New How-To Guide for Sustainable Landscapes on College Campuses

When the topic of sustainability comes up on college and university campuses, the conversation often shifts to the indoors, such as, recycling or energy
Tree Campus USA conservation.  However, the Association for the Advancement of Sustainability in Higher Education (AASHE) took another big step in acknowledging the importance of the outdoors in a campus sustainability plan by releasing the How-To Guide, “Promoting Sustainable Campus Landscapes.”

The publication, created in partnership with the Arbor Day Foundation, is intended for a diverse audience including students, grounds and landscape staff, campus landscape architects, campus facilities management, sustainability officers, and campus environmental or sustainability committees. This audience includes both non-technical and technical individuals – anyone on campus interested in developing and delivering landscape programs to the public and who might stand to benefit from guidance on communications, events, and engaging others.

“I can unequivocally say that this guide is a ‘must have’ instructional tool that will be beneficial for any person, group or organization that values the role of trees and natural systems and views them as integral elements for sustainable campus landscapes,” shared Joe Jackson, past president for the Professional Grounds Management Society.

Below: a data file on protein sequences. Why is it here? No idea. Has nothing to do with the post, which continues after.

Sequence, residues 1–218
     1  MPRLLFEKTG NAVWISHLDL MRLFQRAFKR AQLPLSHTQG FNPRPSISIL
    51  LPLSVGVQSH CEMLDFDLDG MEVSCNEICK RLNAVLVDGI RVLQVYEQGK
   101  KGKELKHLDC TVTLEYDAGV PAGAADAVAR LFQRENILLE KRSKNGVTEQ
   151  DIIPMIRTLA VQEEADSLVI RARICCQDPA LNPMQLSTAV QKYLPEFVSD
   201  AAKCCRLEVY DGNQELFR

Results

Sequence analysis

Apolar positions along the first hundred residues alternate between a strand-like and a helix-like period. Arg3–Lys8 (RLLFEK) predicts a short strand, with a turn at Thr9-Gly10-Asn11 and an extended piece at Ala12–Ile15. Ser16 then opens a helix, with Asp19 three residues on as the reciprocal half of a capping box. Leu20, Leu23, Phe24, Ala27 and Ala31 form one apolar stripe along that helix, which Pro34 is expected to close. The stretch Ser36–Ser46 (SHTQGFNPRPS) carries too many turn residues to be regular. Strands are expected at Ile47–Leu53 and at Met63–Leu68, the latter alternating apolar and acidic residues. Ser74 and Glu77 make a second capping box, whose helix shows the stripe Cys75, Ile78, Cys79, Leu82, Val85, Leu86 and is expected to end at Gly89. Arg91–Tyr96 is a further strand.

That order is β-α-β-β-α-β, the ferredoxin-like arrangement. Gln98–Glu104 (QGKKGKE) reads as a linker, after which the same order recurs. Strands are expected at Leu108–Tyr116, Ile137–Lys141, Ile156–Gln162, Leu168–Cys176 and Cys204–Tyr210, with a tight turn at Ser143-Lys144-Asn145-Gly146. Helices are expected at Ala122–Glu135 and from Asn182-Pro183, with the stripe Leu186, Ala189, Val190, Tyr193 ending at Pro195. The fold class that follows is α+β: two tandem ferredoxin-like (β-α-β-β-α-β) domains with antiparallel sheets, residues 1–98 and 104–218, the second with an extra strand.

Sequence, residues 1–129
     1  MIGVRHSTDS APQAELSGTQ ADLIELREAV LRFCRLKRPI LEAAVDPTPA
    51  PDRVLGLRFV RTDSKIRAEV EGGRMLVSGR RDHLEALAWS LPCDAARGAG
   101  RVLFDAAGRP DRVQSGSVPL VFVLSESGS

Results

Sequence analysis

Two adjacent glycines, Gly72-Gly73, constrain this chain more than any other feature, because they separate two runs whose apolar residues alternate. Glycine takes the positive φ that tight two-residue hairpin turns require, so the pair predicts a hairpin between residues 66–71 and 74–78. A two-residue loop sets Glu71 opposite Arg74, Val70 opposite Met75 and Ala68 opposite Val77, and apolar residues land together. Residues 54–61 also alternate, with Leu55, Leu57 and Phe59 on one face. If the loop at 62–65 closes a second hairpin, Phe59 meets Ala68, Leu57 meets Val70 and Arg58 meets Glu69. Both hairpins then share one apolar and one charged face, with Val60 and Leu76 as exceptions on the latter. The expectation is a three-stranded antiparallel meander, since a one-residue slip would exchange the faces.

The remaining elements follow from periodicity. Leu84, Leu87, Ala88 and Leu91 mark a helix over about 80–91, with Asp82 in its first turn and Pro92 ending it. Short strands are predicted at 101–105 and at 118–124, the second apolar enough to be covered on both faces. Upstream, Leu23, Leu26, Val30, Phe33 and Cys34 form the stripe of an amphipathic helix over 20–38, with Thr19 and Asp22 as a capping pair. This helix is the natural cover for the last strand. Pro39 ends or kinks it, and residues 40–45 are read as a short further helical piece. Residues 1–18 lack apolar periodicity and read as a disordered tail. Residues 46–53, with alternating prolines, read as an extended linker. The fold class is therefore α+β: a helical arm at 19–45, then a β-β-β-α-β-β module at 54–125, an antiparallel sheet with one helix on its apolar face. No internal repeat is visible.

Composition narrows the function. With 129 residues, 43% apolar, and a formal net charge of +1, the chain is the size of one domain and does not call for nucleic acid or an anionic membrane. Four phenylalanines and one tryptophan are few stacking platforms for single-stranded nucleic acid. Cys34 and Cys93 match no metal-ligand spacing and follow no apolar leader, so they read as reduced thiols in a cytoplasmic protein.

We are excited to note that Arbor Day Foundation Tree Campus USA program manager, Mary Sweeney, played a vital role in the creation of this guide.

Download your copy of the guide today.

Celebrating Global Tiger Day: July 29

Today – July 29 – is Global Tiger Day, a day for appreciating and celebrating all species of tigers worldwide. Unfortunately, this also means realizing their great decline in numbers due to poaching, habitat loss, and conflicts.

Tigers recline in their natural habitat. Image via National Geographic; photo credit: Steve Winter.

Tigers recline in their natural habitat. Image via National Geographic; photo credit: Steve Winter.

Did you know…trees and tigers go hand-in-hand. A majority of tigers’ natural habitats are made up of forests. Tropical, evergreen, temperate and snow-covered hardwood forests, along with mangrove swamps, are all home to various species of tiger.

Celebrate these beautiful creatures on Global Tiger Day — and every day — by raising awareness and supporting the preservation of their habitats.

Five facts about tigers from our friends at the World Wildlife Fund:

Tiger Ranges

This map shows the shrinking global range of tigers. Map copyright World Wildlife Fund.

1. In the last century alone, tigers have lost 93% of their historic range.

2. Continued large-scale habitat destruction and decimation of prey populations are the major long-term threats to the continued existence of tigers in the wild.3. Tiger habitat decreased by 45% in the last 10 years.

4. All tigers need dense vegetation, the presence of large ungulate prey, and access to water to be able to survive.

5. Tigers are found in a wide range of habitats in Asia and the Russian Far East, in increasingly fragmented and isolated populations.

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Coe Roberts is an Electronic Communication Specialist at the Arbor Day Foundation.